At my desk, I remember that the walls I had so firmly built up began to lower back in April when I found myself, for the first time, giving into teen drama by listening to Larissa.
I joke that, “ninety percent of the reason I go back on the DC Trip every year is for the Carolina Mustard barbecue sauce smothering the best ribs I’ve ever had,” but really I love seeing my students in a different context. They’re more cautious, more sincere, and they listen far more closely than when we are in the safety of our rural school building. I also get to see them through a lens that doesn’t include test scores, homework assignments, and minused late points. We end our trip with a visit to Smokey Glen Farm – here, the kids run around and play pickup games of soccer, and then we have – I wasn’t kidding – the best barbecue I’ve ever had. After dinner, there’s a DJed dance where the kids always make room for the crazy teachers who feel comfortable dancing like fools with adolescents. There’s an equalizing atmosphere of we belong here. There is heightened excitement, and with that comes the invariable heightened drama that only can be conjured up by a room of two hundred or so homesick and exhausted fourteen-year-olds.
Sometimes, we teachers capitalize on the dramatics of the evening – who will ask whom to dance? Who will break up? Who will cry? To me and most of my trusted colleagues, it ends there. A silly, harmless glance back at our own trying years at that age. Some teachers, though, go so far as to generate a list of names and mark the number of guesses, and I tend to just ignore those practices.
Sitting at my table with some of my fellow teachers, I devour two plates of barbecue, and help supervise all the kids in the pavilion. The next table over features some drama girls: their arms flailing, voices booming; boys have been sitting at the table and leaving and returning, all as the girls moved food around their plates. I notice tension between Larissa and Nick…I knew they had been dating for about five months because word gets around when a couple lasts more than three periods of the day.
Larissa: just the sound of her name dripped with teenage dramatics. She was the girl who refused to present, even on the third day allotted for presentations, even when I said, yes, she could stand with her friends, and yes, she could read from the paper. Even after I told her she could go dead last even though her last name put her third on the list. I remember she ran crying from my room when I quietly muttered, “And next we have Larissa.” Larissa was the girl who screamed, “Leave me the fuck alone!” across the hall, and she was the girl who somehow always suffered someone stealing her things. Her pencil was never misplaced, and it never rolled off her desk, someone always stole it. And, she was always around the same mascara-running, crunchy haired, wearing-my-boyfriend’s-sweatshirt-and-tight-jeans group of girls.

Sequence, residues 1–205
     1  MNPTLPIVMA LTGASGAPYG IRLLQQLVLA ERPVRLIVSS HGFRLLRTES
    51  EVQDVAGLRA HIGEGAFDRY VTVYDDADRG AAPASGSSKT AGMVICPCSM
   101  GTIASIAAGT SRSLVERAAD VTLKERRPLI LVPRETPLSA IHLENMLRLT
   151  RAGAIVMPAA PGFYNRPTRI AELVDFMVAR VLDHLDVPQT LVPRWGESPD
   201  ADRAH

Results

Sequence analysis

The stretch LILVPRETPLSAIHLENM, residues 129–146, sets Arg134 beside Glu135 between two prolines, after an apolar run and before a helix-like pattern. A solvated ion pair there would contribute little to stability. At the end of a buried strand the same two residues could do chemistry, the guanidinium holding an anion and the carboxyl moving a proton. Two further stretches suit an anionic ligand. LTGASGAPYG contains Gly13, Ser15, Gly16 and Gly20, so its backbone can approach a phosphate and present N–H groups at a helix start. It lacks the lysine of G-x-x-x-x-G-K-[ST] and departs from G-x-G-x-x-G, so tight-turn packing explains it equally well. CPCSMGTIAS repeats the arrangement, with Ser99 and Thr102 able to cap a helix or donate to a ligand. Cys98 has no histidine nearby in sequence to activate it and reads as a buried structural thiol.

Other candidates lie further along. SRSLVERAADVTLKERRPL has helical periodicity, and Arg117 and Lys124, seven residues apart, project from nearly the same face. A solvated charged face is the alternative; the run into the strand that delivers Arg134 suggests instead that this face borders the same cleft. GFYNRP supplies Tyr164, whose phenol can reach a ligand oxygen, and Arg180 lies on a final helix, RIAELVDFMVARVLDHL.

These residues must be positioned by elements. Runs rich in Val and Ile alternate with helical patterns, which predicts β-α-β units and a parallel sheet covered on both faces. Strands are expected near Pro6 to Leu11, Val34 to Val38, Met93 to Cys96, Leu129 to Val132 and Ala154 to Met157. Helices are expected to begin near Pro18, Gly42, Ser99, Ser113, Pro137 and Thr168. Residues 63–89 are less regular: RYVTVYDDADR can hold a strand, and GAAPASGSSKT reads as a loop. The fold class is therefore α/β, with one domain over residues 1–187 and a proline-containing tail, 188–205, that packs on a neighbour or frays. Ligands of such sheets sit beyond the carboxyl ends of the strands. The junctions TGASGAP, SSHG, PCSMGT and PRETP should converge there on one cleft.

Nick was a “good guy” kind of student. A sports nut, he wasn’t the most academic kid, but he meant well and was usually amenable to “can we try sitting for just five minutes, please?” When I found out they were dating, I thought, Oh, God, what could Nick possibly see in Larissa? She’s so much to handle!
It is so easy to criticize someone when she isn’t your niece or daughter or sister.
I notice more and more people leaving the table of teenagers, and finally Larissa is alone. Hmph. I think to myself. Of course there’s drama where Larissa is. I mean, I wouldn’t want to be around her…I hope she learns a lesson. The teacher next to me follows my evaluative gaze and turns to ask me, “Who’s that?” Her two-word question also implies, should we be following up? And in my haste, or the exhaustion from the five-day trip, or from three quarters of dealing with Larissa’s outbursts, I mention quietly, “Oh no, that’s Larissa – you know, one of those drama girls.” And I actually wave it off – wave her off as though her life experience is a fly to swat away. A nuisance. An inconvenience. The teacher takes my word for it. Not working on my team, she doesn’t know Larissa. Luckily, I was able to stop her before she got too invested.
I scan the room out of necessity for keeping track of behaviors and safety, making eye contact with other teacher-chaperones and other students. The room murmurs with merriment, the boom of the bass line of the song punctuating each smile. A group of giggle girls are performing a dance they all learned in the same class; a bunch of boot boys stand as I imagine their dads standing – holding solo cup in one hand, the other firmly shoved in a front pocket; and a group of cuddly couples are being closely monitored by two-thirds of our staff. What a slice of life I think. My head sways to the music and to the task of browsing the room. Then it occurs to me: Larissa is the only student to be sitting alone at a table. Frowning, I continue to observe. Her shoulders slump over her body, like she’s trying to hide under an afghan on a couch. Then, I see her tears.